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Korea, Iran poles apart over tanker seizure, frozen assets

First Vice Foreign Minister Choi Jong-kun, left, poses with Iran's Foreign Minister Mohammad Javad Zarif in Tehran, Iran, Monday. / Courtesy of Ministry of Foreign Affairs
First Vice Foreign Minister Choi Jong-kun, left, poses with Iran's Foreign Minister Mohammad Javad Zarif in Tehran, Iran, Monday. / Courtesy of Ministry of Foreign Affairs

By Kang Seung-woo

Korea and Iran remain far apart over the release of a Korean oil tanker and its crewmembers, with First Vice Foreign Minister Choi Jong-kun leaving Tehran, Tuesday, without any deal despite a series of meetings with senior Iranian officials, including the foreign minister and its central bank chief.

The Ministry of Foreign Affairs said Wednesday, the government plans to continue talks with Iran and will work to bring the tanker and crew back home as early as possible, based on Choi's discussions with the Iranian side during his three-day visit. The ministry also said it will actively offer consular assistance to the crewmembers.

Last week, Iran's Islamic Revolutionary Guards Corps seized the MT Hankuk Chemi, which was carrying 7,200 tons of ethanol, and its crew of 20, including five Koreans, in the Strait of Hormuz for causing "environmental pollution."

On the occasion of the talks, Choi protested the seizure and called for the swift release of the vessel and its crewmembers, asking the Iranian officials to provide concrete evidence to prove its marine pollution allegations. But Iran has yet to do so.

The seizure occurred as the Iranian government has been complaining about the Korean government's refusal to release $7 billion (7.6 trillion won) Iran has in two Korean banks here due to U.S. sanctions. However, Iran is denying allegations that it is leveraging the seizure to receive the frozen funds, citing a "technical" issue subject to "legal and judicial" regulations.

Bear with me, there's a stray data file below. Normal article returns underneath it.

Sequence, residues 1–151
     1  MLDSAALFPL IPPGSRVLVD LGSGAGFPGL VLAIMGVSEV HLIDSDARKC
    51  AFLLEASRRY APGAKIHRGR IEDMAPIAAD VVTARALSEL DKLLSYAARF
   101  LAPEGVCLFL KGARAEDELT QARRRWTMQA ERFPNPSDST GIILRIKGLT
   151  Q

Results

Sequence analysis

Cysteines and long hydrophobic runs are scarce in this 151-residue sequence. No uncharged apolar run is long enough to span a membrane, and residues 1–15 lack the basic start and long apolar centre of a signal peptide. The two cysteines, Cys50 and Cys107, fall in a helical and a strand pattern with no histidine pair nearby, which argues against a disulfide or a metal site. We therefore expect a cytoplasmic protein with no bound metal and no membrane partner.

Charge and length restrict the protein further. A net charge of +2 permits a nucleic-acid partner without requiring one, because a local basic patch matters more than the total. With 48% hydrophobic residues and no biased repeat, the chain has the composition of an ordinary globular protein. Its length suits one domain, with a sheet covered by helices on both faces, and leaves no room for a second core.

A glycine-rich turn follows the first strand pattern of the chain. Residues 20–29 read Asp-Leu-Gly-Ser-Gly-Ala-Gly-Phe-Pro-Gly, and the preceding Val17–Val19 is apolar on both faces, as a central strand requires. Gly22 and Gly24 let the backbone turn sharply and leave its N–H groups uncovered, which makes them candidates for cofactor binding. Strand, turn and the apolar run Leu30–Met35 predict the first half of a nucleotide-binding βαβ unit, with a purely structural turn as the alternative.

In fact, when the Korean foreign ministry announced Choi's visit to discuss the seizure, Iran said it did not require a diplomatic trip.

However, at the same time, Teheran has incrementally ramped up its criticism of Seoul's failure to unlock the funds from oil sales.

Iranian Foreign Ministry spokesman Saeed Khatibzadeh said, Tuesday, Iran is dissatisfied with Korea's approach to the asset issue, adding Seoul's action on the matter has been very slow.

Choi departed for Qatar, Tuesday, to discuss pending bilateral issues before returning home, Thursday.


First Vice Foreign Minister Choi Jong-kun, left, poses with Iran's Foreign Minister Mohammad Javad Zarif in Tehran, Iran, Monday. / Courtesy of Ministry of Foreign Affairs
First Vice Foreign Minister Choi Jong-kun, left, poses with Iran's Foreign Minister Mohammad Javad Zarif in Tehran, Iran, Monday. / Courtesy of Ministry of Foreign Affairs

By Kang Seung-woo

Korea and Iran remain far apart over the release of a Korean oil tanker and its crewmembers, with First Vice Foreign Minister Choi Jong-kun leaving Tehran, Tuesday, without any deal despite a series of meetings with senior Iranian officials, including the foreign minister and its central bank chief.

The Ministry of Foreign Affairs said Wednesday, the government plans to continue talks with Iran and will work to bring the tanker and crew back home as early as possible, based on Choi's discussions with the Iranian side during his three-day visit. The ministry also said it will actively offer consular assistance to the crewmembers.

Last week, Iran's Islamic Revolutionary Guards Corps seized the MT Hankuk Chemi, which was carrying 7,200 tons of ethanol, and its crew of 20, including five Koreans, in the Strait of Hormuz for causing "environmental pollution."

On the occasion of the talks, Choi protested the seizure and called for the swift release of the vessel and its crewmembers, asking the Iranian officials to provide concrete evidence to prove its marine pollution allegations. But Iran has yet to do so.

The seizure occurred as the Iranian government has been complaining about the Korean government's refusal to release $7 billion (7.6 trillion won) Iran has in two Korean banks here due to U.S. sanctions. However, Iran is denying allegations that it is leveraging the seizure to receive the frozen funds, citing a "technical" issue subject to "legal and judicial" regulations.

In fact, when the Korean foreign ministry announced Choi's visit to discuss the seizure, Iran said it did not require a diplomatic trip.

However, at the same time, Teheran has incrementally ramped up its criticism of Seoul's failure to unlock the funds from oil sales.

Iranian Foreign Ministry spokesman Saeed Khatibzadeh said, Tuesday, Iran is dissatisfied with Korea's approach to the asset issue, adding Seoul's action on the matter has been very slow.

Choi departed for Qatar, Tuesday, to discuss pending bilateral issues before returning home, Thursday.


Kang Seung-woo ksw@koreatimes.co.kr

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